Week of July 12 - 16, 2010

Men who take Viagra, ED drugs more likely to have STDs
http://www.usatoday.com/news/health/2010-07-11-erectile-dysfunction-stds_N.htm
USA Today
Middle-aged and older men who take erectile dysfunction drugs such as Viagra are more likely to have sexually transmitted diseases, a new study of more than 1.4 million men finds. ..."This study confirms what we've suspected for a while, which is that the men who are using these drugs aren't just those who have erectile dysfunction, but they're also men in high risk groups who take it to enhance sexual activity," said Dr. Peter Leone, a professor of medicine at the University of North Carolina and board chair of the National Coalition of STD Directors. "So it's not that the drug is leading to the behavior. It's really the other way around."

UNC dermatology professor answers your burning sun questions
http://www.heraldsun.com/view/full_story/8727738/article-UNC-dermatology-professor-answers-your-burning-sun-questions?
The Herald-Sun (Durham)
Applying sunscreen is a summer ritual for Americans hoping to protect their skin from burns, wrinkles and cancers. But researchers have raised questions about the safety of some sunscreens. Read below for answers to your skin questions from Craig Burkhart, an assistant professor of dermatology at UNC's School of Medicine who works in the multispecialty melanoma program.

Simple interventions up parental accuracy of kids’ weight
http://timesofindia.indiatimes.com/life/relationships/parenting/Simple-interventions-up-parental-accuracy-of-kids-weight/articleshow/6162711.cms
The Times of India
In a new study, some simple interventions helped change a parent's perspective about a child's being overweight or obese, and change the parent's behaviors at home to reduce those risks. According to a study performed in North Carolina Children’s Hospital, researchers confirmed previous reports that parents of overweight or obese children do not recognize their child’s weight problem. ...“Doctors often don’t have time to discuss overweight; they don’t have the tools to do it; and many aren’t confident that they’re going to make a difference in their patients’ lives,” Eliana Perrin, assistant professor of pediatrics at the University of North Carolina at Chapel Hill School of Medicine and lead author of the study, said.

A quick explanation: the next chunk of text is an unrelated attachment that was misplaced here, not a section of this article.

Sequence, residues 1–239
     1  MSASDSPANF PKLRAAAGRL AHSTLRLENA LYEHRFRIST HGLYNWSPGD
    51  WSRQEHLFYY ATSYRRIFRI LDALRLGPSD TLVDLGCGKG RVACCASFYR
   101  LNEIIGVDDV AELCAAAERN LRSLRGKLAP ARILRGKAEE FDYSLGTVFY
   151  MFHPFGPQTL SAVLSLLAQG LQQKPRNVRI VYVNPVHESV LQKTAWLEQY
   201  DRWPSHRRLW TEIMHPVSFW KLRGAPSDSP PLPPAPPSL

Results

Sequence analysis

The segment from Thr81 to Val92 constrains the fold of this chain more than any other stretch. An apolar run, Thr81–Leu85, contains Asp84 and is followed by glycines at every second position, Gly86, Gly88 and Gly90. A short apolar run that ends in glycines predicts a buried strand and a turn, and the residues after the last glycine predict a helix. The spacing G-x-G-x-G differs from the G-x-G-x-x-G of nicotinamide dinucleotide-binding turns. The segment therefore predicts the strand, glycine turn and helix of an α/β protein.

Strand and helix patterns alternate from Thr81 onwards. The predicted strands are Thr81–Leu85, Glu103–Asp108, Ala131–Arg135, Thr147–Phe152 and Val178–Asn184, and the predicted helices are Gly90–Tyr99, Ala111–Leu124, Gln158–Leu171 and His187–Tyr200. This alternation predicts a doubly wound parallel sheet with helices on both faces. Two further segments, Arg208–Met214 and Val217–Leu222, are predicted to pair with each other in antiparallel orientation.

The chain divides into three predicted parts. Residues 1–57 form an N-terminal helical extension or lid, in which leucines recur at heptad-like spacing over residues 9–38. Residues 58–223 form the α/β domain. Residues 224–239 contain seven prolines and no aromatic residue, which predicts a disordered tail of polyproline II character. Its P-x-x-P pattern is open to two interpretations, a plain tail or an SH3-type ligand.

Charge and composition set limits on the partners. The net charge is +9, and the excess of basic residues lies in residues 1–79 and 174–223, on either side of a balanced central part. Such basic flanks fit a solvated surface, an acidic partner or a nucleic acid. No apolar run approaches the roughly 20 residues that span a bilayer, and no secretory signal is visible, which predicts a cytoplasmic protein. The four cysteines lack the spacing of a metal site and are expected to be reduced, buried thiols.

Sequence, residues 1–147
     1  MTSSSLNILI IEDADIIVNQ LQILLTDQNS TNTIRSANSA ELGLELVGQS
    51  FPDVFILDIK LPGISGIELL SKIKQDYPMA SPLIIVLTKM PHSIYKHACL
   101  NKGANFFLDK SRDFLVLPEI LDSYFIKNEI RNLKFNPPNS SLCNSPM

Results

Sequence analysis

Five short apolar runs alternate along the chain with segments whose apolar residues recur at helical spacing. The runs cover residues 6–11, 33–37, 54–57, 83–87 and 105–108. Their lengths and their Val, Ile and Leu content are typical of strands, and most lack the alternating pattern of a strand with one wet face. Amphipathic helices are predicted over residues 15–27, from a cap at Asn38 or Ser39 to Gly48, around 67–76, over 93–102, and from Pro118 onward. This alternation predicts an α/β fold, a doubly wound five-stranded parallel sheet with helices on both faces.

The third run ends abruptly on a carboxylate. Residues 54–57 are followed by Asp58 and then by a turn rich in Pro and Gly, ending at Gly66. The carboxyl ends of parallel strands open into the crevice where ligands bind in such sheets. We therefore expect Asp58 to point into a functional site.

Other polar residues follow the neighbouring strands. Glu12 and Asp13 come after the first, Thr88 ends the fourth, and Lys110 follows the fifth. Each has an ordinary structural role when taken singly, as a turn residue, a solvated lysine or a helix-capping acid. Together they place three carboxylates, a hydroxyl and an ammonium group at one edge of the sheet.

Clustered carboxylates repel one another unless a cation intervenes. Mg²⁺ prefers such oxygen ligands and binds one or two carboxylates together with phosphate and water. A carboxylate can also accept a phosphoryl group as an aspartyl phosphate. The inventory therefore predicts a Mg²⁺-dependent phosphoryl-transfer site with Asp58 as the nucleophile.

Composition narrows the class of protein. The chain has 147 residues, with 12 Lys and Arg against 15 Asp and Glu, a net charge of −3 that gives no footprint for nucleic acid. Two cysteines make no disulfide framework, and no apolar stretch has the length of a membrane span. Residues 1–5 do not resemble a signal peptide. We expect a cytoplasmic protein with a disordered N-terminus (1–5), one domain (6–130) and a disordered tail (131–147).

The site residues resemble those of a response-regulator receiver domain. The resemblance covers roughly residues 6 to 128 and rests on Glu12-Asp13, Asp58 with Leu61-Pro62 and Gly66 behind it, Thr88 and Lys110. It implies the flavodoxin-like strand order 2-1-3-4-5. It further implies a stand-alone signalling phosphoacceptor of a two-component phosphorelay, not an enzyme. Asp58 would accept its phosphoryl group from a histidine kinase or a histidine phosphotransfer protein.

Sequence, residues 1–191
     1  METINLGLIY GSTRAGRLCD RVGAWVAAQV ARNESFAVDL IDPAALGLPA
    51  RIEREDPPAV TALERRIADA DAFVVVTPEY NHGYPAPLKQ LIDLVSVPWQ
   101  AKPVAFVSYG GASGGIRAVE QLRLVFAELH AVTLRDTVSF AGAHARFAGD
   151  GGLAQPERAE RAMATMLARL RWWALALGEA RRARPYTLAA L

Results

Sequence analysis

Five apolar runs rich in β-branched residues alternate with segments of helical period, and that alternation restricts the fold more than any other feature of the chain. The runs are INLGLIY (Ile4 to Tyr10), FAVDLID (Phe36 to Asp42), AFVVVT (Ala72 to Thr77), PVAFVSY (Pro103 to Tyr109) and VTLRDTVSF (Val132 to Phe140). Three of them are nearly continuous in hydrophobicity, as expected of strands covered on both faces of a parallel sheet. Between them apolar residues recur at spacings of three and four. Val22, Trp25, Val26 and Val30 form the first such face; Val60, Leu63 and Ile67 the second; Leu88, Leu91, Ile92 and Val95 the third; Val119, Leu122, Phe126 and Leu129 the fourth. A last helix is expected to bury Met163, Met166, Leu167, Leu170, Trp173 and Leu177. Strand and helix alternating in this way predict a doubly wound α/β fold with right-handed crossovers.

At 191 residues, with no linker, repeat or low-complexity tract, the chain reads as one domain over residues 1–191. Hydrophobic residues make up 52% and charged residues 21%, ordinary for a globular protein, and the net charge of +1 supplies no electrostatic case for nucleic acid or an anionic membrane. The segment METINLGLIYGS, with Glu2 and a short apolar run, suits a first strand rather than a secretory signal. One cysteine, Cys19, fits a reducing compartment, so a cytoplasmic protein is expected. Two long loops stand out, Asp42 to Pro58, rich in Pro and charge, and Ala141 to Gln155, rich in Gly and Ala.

Bomb victim's brother hurt; pilot killed
http://www.delawareonline.com/article/20100713/NEWS/7130338/Bomb-victim-s-brother-hurt-pilot-killed
The News Journal (Wilmington, Del.)
Delaware pilot Thomas F. Pitts was killed Monday when his plane crashed in North Carolina, where he was taking the brother of a Delaware man killed in a terror attack on World Cup soccer fans in Uganda. Pitts, 65, and close friend Jim Donahue -- who was in critical condition Monday night -- reportedly flew from Salisbury, Md., to take Kyle Henn, 22, to Raleigh, N.C., to be with family after the death of his brother, Nate Henn. ...The crash occurred about 3:15 p.m. as the plane attempted to land at Horace Williams Airport in Chapel Hill.

Plane crashes in Chapel Hill
http://www.heraldsun.com/view/full_story/8740196/article-Plane-crashes-in-Chapel-Hill?
The Herald-Sun
One person was killed Monday and two others injured in a plane crash at Horace Williams Airport that occurred shortly before 3 p.m. UNC Hospital officials confirmed that a survivor was Kyle Henn of Wilmington, Del., the brother of a Raleigh man, Nate Henn, who was one of more than 70 people killed Sunday in bombing attacks in Uganda that struck crowds watching the final World Cup soccer match between Spain and the Netherlands.
Related Links:
http://www.newsobserver.com/2010/07/13/578664/already-in-mourning-man-hurt-in.html
http://www.news-record.com/content/2010/07/13/article/bomb_victims_brother_fair_after_small_plane_crash

Should Sacramento take sodas out of vending machines? Michelle Obama hosting live chat on obesity.
http://www.examiner.com/x-51589-Sacramento-Healthy-Trends-Examiner~y2010m7d12-Should-Sacramento-take-sodas-out-of-vending-machines-Michelle-Obama-hosting-live-chat-on-obesity